Blood Knot

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BLOOD KNOT

The past few weeks, I have been using the ole fly rod again and one of my friends from the early 1960s, Acy Wall, deceased referred to my fly rod as a “buggy whopper.”  He did enjoy seeing that fly line cast into the air with a popping bug on the end of the leader gracefully drop onto a pond's still surface leaving only a few circular patterns of ripples with the ensuing loud noise from the strike of a hungry Bream or Largemouth bass that took hold of it no doubt thinking it was going to be a delicious tasty snack but instead felt a little sting or bite from the lure and immediately tried to shake it loose!

Back then,  I used a straight piece of monofilament line for a leader and attached it to the end of the fly line using a small metal eyelet that had a pointed shaft end about 1/2 inch long with small barbs along the length that kept the eyelet from being pulled loose from the fly line.  Most fly lines are braided and have a hollow center core and the eyelet is simply inserted into the core of the fly line.  It worked ok but the eyelet would soon damage the fly line since it was stiff and would act like a miniature hinge and the line would eventually start to fray and break if you didn’t cut the eyelet out and re-use it or use a new eyelet.  The metal eyelet was later replaced by using a barrel or nail knot for attachment of the leader to the fly line and now replaced by a heat shrink braided leader loop which is pretty much standard:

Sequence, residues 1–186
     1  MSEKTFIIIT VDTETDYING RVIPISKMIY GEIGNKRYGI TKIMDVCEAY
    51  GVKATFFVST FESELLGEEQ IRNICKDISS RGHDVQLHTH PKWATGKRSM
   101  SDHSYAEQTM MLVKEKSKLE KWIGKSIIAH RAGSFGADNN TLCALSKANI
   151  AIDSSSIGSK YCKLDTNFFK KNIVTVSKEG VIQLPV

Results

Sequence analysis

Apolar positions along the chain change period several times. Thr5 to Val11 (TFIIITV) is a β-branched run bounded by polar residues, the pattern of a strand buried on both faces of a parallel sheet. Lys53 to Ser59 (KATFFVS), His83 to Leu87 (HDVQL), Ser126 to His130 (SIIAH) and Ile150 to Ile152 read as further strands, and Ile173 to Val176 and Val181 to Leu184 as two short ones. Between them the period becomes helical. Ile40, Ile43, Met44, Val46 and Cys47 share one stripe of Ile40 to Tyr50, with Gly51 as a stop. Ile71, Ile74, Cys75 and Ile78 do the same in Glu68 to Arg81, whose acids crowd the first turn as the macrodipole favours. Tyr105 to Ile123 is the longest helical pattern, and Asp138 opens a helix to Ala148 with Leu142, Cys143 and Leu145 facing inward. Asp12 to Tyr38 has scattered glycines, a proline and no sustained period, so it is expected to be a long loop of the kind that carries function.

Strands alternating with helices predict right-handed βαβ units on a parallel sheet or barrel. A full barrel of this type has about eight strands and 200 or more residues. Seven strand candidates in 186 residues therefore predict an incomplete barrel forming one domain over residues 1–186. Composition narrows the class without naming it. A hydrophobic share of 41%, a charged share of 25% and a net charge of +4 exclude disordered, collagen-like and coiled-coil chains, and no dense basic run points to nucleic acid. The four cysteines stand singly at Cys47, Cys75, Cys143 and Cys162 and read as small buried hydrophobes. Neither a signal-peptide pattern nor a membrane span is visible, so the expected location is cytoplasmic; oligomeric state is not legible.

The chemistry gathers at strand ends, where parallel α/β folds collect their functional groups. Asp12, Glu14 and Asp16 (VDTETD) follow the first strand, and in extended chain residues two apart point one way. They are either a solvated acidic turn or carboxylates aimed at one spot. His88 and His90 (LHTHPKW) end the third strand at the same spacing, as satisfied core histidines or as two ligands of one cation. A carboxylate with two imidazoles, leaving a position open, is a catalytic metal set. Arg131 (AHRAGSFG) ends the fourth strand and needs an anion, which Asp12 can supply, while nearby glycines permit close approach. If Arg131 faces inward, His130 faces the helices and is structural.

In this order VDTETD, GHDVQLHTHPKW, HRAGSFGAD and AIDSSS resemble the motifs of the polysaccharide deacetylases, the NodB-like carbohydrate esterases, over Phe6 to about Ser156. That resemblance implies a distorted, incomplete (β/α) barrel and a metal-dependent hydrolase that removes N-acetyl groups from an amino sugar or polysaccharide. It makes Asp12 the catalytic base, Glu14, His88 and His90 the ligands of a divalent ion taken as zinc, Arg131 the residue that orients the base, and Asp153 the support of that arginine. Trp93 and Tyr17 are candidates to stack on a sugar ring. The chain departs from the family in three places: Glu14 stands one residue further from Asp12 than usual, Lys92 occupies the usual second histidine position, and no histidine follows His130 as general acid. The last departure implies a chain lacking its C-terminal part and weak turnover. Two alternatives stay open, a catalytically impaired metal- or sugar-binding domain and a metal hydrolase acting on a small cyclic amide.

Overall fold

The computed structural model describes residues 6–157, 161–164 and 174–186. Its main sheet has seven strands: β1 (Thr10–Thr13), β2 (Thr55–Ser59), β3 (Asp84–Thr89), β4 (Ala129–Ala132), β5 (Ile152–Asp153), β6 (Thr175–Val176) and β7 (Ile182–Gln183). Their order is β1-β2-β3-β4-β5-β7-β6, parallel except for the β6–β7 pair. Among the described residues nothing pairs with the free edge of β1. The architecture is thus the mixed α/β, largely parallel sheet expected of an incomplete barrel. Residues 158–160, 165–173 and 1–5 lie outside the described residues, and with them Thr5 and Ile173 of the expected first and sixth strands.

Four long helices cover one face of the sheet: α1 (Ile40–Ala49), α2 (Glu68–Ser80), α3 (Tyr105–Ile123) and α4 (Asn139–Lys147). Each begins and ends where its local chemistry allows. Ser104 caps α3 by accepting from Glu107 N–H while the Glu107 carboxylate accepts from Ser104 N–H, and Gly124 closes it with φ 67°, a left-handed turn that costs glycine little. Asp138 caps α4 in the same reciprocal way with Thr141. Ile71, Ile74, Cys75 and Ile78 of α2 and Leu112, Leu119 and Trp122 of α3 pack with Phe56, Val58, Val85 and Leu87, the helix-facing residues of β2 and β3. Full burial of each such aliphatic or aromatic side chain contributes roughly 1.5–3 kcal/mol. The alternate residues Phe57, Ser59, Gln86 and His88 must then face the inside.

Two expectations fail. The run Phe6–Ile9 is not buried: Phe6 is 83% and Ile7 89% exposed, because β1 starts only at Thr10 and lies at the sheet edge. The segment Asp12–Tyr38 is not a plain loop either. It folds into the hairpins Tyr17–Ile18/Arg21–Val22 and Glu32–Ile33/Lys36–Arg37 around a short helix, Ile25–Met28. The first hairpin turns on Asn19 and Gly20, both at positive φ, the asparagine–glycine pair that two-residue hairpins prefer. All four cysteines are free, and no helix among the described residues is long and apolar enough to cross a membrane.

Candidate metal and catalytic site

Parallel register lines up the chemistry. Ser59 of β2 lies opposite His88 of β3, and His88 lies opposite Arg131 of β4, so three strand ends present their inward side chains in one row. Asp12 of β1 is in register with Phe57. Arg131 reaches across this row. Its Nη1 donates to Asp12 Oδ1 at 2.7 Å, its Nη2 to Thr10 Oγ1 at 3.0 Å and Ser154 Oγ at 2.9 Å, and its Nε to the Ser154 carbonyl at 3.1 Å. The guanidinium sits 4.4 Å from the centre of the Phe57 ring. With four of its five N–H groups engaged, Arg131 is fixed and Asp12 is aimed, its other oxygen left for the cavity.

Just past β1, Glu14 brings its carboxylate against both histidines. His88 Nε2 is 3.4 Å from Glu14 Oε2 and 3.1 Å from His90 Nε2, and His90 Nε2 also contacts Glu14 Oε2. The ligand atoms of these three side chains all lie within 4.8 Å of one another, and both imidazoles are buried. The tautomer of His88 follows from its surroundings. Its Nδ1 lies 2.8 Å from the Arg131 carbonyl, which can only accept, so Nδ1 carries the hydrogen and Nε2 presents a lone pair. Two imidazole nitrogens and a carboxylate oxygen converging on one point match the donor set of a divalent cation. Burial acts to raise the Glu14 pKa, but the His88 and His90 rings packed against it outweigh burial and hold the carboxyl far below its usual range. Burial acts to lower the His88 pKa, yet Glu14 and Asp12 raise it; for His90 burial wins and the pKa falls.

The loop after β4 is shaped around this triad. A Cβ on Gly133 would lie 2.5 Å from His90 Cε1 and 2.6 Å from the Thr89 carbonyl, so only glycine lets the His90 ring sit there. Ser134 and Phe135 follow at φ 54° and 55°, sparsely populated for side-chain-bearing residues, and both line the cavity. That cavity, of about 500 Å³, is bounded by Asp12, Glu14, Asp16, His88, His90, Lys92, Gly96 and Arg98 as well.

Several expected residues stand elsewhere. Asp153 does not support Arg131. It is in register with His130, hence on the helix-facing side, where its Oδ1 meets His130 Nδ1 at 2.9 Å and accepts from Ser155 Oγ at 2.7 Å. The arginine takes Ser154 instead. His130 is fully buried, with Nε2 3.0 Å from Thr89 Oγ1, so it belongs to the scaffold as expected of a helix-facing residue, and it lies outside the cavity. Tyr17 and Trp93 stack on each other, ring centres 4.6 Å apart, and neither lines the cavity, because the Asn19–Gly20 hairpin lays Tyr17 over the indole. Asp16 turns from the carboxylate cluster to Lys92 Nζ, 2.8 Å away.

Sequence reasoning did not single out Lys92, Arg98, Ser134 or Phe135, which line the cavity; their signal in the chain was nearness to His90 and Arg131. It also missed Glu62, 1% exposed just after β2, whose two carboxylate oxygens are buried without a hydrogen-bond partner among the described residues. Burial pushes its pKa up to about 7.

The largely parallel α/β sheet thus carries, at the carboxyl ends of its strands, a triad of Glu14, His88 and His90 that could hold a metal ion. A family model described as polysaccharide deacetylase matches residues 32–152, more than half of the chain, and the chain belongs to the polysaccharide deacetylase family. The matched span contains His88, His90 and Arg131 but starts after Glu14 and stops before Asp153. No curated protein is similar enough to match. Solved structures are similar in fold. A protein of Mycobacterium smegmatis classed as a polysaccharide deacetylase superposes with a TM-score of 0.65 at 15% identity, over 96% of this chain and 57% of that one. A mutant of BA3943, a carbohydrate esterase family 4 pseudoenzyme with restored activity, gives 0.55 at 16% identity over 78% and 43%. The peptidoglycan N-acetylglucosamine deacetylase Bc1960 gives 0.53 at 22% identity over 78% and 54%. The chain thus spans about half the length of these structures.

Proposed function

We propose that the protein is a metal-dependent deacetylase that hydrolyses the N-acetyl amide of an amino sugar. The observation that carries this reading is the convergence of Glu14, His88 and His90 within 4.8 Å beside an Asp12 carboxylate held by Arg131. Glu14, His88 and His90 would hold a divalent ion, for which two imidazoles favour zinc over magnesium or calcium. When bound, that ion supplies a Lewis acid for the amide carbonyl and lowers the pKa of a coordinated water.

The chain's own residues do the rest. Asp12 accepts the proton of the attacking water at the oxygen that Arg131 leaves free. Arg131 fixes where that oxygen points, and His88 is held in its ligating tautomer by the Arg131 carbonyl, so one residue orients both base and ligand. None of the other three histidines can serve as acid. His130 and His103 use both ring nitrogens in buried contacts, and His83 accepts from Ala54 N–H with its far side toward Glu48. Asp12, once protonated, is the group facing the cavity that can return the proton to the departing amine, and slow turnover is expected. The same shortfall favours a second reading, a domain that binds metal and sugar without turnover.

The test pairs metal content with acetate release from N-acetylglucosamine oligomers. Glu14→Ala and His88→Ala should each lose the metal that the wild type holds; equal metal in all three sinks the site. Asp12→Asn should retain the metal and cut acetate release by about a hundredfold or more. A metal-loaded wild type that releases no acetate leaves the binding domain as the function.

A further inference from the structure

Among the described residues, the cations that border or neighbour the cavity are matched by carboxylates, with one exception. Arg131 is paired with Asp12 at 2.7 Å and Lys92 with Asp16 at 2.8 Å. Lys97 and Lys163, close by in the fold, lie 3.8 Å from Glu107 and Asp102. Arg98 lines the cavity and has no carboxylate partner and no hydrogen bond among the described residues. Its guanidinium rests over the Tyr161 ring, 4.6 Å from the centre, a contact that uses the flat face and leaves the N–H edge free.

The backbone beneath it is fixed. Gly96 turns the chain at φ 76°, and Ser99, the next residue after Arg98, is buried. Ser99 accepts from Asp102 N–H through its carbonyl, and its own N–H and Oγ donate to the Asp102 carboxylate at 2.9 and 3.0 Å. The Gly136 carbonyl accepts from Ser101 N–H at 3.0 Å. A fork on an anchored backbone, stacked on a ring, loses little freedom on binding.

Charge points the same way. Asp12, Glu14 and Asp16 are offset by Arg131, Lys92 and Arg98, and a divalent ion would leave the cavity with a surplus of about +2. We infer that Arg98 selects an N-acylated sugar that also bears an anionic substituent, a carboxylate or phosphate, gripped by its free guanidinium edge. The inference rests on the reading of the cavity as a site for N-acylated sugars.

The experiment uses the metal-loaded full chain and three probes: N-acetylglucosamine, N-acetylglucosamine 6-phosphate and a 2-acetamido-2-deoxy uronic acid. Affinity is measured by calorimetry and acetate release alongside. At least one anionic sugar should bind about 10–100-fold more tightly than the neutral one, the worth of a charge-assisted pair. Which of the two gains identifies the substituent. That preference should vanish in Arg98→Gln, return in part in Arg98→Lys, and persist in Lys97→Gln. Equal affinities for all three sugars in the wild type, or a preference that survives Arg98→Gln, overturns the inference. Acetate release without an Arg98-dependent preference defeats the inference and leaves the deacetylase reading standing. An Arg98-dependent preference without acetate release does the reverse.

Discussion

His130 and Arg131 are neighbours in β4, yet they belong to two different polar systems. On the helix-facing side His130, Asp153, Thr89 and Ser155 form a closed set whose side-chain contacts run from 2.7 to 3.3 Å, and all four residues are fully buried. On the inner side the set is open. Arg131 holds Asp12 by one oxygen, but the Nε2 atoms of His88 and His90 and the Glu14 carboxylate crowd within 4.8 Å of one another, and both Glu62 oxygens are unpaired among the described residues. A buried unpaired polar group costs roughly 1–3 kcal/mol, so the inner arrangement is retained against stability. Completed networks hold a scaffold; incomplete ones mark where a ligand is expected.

The above leader loop splice is already showing wear at one end of the heat shrink tubing which is acting like a hinge.  The ideal situation is not to have the end of the fly line or the leader to fold or hinge but transfer the energy of the line all the way through to the end of the leader in a smooth graceful arch.  In fly fishing, you are casting the heavier fly line which has the leader attached and then the lure, whereas in other fishing types such as bass or bait fishing; you are casting the heavier lure and/or bait with the aid of weights attached to the line if needed.  

It was later in the 1970s that I started making my own hand tied tapered leaders using a common knot called the blood knot which works extremely well when tying two lines together that are about the same diameter.  Tapered monofilament leaders usually taper down in two thousands (.002) of an inch in diameter increments starting off with the butt section being .023 inches in diameter and to give a perspective to what .002 difference is; a human hair averages a little less than .001 inch in diameter, some smaller and some larger depending on your race.  A few pixs below:

The ole Brown and Sharpe micrometer was purchased sometime in the early 1970s when I manufactured musical parts and accessories and has seen a lot of usage.  The close-up pix reveals plenty of dust particles from my wood working shop and it needs a cleaning badly........hint, hint!

I have tied the tapered leader for decades off an on and usually make several up at a time and keep them in a small plastic bag with the description of how it was tied in one of my fly fishing vest pockets.  I have on occasion purchased tapered knotless leaders but they do not work as well in my humble opinion.  Their advantage is that moss and algae will not adhere to them like it does on a tapered knotted leader knots but you have more control over changing the tippet which is the end of the leader that has your artificial flies, nymphs or popping bugs attached.  Also, the size of the lure you are using pretty much determines what the diameter of the tippet you are using.